Five years after Fulani Muslim militants attacked a Nigerian village, killing hundreds of residents and burning down the local Methodist church, an American pastor and an attorney stepped in to help the community rebuild the church building so the community could worship together in time for Easter Sunday.
The Christian Post (CP) reports New York City Pastor William "P.B." Devlin, CEO of the nongovernmental organization REDEEM!, and Emmanuel Ogebe, an international human rights lawyer from the U.S.-based Nigeria Law Group, worked together to help the Agatu community located in the Benue state of the West African country.
The pair helped with the fundraising in order to rebuild the fire-gutted Agatu Methodist Church building.
"Healing and hope: those are two great words that we've seen in a very practical way," Devlin, the missions pastor at Infinity Bible Church in the Bronx, told the CP.
In February 2016, Fulani militants burned the church, killing five church members along with hundreds of other residents, and also destroyed more than 70 homes. World Watch Monitor noted at the time more than 500 people were killed and more than 20,000 people are thought to have fled the Agatu area after the wave of attacks.
As CBN News has reported, the Fulani are Muslims and they typically target Christians.
Devlin visited Agatu in October of 2020 and saw a tender scene. Goats were eating grass in the church building's ruins, while church members worshipped under a canopy made of grass to shield them from the sun.
He promised church members "by faith and by God's grace and with hope in the Lord Jesus, the church will be completely finished by March 25, and then we will be in the finished church by Resurrection Day Sunday services (on April 4.)."
"I looked in the church and I saw the goats eating the grass, and I was like, 'what is this?' And it just touched my heart," he said. "For the past five years, the church has just struggled along."
The American pastor announced to the congregation, "This is now a place for the goats, but God's going to make it a place for the sheep."
When Devlin returned home, he set about raising the $30,000 needed to construct a new building. And within a few days, half of the money was raised, according to the CP.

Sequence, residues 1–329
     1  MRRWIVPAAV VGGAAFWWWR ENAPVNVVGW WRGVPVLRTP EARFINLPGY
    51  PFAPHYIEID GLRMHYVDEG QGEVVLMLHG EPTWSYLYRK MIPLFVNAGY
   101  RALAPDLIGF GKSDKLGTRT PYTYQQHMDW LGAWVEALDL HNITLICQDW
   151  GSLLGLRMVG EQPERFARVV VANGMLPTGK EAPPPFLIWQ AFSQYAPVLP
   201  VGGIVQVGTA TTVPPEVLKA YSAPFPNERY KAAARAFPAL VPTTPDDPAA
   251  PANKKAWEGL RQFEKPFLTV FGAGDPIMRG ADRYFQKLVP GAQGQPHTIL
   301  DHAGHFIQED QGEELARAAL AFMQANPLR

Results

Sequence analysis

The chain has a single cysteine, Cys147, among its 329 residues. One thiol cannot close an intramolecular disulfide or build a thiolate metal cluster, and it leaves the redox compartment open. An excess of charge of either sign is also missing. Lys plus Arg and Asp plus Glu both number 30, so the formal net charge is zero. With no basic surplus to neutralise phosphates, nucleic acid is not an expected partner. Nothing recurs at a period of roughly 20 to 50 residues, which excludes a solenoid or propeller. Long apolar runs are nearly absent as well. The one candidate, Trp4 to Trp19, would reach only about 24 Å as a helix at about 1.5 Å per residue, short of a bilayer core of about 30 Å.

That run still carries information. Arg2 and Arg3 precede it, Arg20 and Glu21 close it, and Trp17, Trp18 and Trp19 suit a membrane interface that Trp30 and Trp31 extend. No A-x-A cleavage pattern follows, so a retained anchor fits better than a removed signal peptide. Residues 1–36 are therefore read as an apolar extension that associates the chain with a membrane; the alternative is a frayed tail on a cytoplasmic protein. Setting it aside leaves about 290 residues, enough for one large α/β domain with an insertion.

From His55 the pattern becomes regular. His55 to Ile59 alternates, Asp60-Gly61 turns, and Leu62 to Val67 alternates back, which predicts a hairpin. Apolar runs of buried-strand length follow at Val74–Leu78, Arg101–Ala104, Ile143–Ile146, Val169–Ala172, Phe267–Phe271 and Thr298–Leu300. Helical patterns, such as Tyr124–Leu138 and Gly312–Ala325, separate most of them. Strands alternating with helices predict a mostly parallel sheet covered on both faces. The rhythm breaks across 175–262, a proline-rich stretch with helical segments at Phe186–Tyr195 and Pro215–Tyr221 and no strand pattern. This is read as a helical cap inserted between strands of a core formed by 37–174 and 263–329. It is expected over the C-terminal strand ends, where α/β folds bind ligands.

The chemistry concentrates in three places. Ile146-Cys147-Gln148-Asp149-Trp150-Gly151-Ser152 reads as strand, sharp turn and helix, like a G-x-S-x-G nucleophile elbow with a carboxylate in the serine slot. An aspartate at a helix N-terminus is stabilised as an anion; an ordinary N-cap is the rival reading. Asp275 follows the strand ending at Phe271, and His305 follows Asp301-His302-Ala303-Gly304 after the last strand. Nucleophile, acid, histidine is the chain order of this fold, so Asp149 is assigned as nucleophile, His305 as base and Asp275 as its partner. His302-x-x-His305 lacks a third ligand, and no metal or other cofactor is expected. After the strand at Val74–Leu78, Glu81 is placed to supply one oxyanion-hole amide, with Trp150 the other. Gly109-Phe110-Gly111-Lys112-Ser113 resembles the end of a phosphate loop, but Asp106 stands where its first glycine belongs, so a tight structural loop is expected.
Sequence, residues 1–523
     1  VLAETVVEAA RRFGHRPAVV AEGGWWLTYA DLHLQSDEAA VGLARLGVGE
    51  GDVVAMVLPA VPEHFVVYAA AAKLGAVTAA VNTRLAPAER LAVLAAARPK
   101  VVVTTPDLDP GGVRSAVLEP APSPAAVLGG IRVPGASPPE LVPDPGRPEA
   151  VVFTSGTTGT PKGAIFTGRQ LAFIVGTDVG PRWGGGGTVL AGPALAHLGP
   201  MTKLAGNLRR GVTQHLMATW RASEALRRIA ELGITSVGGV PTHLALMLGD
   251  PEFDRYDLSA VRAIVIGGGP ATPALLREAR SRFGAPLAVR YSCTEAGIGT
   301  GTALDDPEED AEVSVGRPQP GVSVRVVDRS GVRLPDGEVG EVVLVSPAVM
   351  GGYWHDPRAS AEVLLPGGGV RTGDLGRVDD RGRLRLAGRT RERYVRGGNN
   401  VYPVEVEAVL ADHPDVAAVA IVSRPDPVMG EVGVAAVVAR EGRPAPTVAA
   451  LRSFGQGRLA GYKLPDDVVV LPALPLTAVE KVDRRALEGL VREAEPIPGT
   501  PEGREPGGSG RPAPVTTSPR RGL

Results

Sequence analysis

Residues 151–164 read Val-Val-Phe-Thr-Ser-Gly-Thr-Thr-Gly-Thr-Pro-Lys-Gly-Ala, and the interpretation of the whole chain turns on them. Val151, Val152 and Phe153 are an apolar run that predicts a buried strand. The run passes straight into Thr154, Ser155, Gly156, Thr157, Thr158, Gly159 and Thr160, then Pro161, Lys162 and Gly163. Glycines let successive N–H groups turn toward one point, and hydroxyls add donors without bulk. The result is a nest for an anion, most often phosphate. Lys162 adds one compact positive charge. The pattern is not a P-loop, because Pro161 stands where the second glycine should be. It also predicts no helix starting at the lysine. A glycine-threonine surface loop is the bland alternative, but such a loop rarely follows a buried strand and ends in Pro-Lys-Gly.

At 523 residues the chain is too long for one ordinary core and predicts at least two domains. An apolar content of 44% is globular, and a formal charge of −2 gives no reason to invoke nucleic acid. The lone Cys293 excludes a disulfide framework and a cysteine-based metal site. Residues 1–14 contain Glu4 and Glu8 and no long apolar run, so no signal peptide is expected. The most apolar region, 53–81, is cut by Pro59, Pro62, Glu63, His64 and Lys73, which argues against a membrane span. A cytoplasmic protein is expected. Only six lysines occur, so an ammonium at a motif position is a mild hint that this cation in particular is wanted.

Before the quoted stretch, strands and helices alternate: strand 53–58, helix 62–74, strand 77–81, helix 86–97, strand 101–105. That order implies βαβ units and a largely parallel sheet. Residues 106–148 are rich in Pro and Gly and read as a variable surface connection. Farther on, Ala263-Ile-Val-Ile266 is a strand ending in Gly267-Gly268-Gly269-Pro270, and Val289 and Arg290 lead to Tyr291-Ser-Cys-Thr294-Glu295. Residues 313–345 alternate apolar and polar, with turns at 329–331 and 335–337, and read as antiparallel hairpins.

Last December, the construction of the new Agatu church building began with the help of local craftsmen. As the new building began to take shape, the congregation also began to add new members and excitement spilled over into the community, he said.
The new building with a blue metal roof and yellow walls was packed with worshippers on Easter Sunday, Devlin told the CP. Almost 500 people came to worship at a service that lasted more than 5 hours.
"People were just so encouraged and so filled with hope that their church was completed. …," he recalled. "I told the congregation, 'I'm not even a Methodist, but I saw your tears. … And Revelation 21 says that God's going to wipe away every tear when we meet with Him.' I said, 'I wanted to follow God's lead, so I came to Agatu to wipe away the tears that you have shed over the people who were killed, over the homes that were destroyed, and over your church that was destroyed.'"
As CBN News recently reported, Muslim Fulani militants are still conducting raids in the region and are taking hostages for ransom. Over the weekend, a Christian student was rescued by Nigerian troops after Fulani militants tried to abduct four students last week from The Kings School in Gana Ropp village located in the Plateau State of Nigeria.
Three of the students escaped during the initial attack, however, Kelvin Eze was unable to break free from the bandits, The Sun Nigeria reports.
Nigeria is now one of the top 10 countries on the Open Doors World Watch List of places where it is most difficult to be a Christian. It jumped to No. 9 from No. 12 the previous year.